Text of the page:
, Salem, MA


July 7, 2012

The Telstar revolution

ANDOVER, Maine — It was the largest air-inflated structure in the world, 161 feet high and 210 feet wide, constructed of polyester and synthetic rubber. Inside the balloon was a 177-foot-long horn-shaped antenna that weighed 380 tons. Not a trace of it remains. But here in a tiny rural town nestled in a valley that provided natural shielding from radio interference, a revolution was born 50 years ago Tuesday.

That revolution doesn’t seem remarkable today, but a half-century ago the notion of sending a television signal from North America to Europe shook the world. A generation remembers the first transmitted image vividly — a fuzzy shot of an American flag fluttering in a Maine village — but millions more have been affected by the telecasts that have become unremarkable as a result of what happened here — by the televised coverage of Olympic violence, royal weddings, airplane hijackings, the fall of Hosni Mubarak and Moammar Gadhafi.

Settled in 1789, the year the Constitution took effect, Andover for nearly two centuries was a tranquil outpost near the Canadian and New Hampshire borders, midway between Boston and Montreal but resolutely nowhere. Its citizens ran small farms and worked in the forests, always showing themselves, as a resolution by the state legislature noted, as “very resilient, resourceful and independent.” But people didn’t move too quickly here, toward the future or anyplace else; if you drove your horse over the covered bridge faster than a walk, you were vulnerable to a $3 fine.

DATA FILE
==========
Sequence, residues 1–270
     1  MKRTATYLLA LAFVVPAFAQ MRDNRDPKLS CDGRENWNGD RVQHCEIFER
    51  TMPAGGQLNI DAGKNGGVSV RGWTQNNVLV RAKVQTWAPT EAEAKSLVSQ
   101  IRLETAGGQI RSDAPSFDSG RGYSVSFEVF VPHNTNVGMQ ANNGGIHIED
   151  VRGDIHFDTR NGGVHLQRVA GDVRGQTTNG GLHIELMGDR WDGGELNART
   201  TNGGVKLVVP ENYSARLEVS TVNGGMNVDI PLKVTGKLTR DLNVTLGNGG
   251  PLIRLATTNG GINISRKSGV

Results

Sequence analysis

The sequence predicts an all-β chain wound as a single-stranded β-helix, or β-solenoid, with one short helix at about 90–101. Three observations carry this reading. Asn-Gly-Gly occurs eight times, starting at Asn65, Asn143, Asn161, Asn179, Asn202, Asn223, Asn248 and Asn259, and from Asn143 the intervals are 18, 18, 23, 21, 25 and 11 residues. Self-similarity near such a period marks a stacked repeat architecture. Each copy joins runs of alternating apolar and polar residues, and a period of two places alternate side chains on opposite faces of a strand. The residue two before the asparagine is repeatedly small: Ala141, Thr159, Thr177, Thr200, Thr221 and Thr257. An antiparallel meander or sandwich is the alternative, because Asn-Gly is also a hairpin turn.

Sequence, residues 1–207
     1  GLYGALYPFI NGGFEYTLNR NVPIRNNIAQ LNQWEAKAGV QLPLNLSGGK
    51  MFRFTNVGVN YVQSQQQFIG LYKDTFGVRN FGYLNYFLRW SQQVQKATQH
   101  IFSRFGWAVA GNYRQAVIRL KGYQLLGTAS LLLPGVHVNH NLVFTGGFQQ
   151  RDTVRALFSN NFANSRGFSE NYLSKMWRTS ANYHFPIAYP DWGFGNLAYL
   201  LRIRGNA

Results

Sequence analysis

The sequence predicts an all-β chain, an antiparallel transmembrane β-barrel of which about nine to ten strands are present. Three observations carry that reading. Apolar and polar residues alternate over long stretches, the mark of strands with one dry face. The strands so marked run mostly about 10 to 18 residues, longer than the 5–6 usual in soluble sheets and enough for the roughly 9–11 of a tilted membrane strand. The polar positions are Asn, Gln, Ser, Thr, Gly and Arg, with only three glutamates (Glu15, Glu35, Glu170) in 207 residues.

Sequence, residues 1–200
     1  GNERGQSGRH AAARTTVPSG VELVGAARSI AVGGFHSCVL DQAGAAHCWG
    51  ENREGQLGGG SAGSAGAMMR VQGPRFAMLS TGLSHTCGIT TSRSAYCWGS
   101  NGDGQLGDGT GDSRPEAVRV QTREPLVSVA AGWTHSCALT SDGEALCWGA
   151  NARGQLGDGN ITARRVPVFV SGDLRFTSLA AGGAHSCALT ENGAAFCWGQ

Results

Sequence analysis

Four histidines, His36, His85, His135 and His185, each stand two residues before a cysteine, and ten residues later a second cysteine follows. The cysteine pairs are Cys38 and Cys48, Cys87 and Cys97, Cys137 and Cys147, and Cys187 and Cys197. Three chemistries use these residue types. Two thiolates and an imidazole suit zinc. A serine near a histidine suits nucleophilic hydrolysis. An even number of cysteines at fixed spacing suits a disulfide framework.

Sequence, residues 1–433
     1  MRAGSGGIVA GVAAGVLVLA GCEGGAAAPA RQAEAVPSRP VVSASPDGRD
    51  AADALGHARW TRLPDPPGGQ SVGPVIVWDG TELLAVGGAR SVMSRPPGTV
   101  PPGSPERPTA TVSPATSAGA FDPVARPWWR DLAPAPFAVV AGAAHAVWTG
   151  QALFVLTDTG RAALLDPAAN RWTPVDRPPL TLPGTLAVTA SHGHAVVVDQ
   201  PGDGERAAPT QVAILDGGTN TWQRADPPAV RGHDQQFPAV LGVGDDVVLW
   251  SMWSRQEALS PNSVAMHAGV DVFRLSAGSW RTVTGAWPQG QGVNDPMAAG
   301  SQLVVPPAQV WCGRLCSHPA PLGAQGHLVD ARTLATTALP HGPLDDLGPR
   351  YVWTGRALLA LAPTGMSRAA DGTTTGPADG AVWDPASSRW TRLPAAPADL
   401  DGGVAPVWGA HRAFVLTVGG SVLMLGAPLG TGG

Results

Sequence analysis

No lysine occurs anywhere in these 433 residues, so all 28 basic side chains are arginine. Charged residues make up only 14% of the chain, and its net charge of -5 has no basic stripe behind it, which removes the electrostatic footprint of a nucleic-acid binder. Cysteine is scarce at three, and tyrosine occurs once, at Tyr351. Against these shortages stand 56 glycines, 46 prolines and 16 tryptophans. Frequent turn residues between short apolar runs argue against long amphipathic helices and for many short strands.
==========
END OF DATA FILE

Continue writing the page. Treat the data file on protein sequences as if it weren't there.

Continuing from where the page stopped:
Until Telstar — a 3-foot-diameter sphere weighing 170 pounds with 1,064 transistors and 1,464 diodes — was sent aloft by a Boeing Thor Delta booster that split the skies and opened the age of satellite communications. The iconic black-and-white image was so stunning a breakthrough that President John F. Kennedy predicted it would “throw open to us the vision of an era of international communications.”

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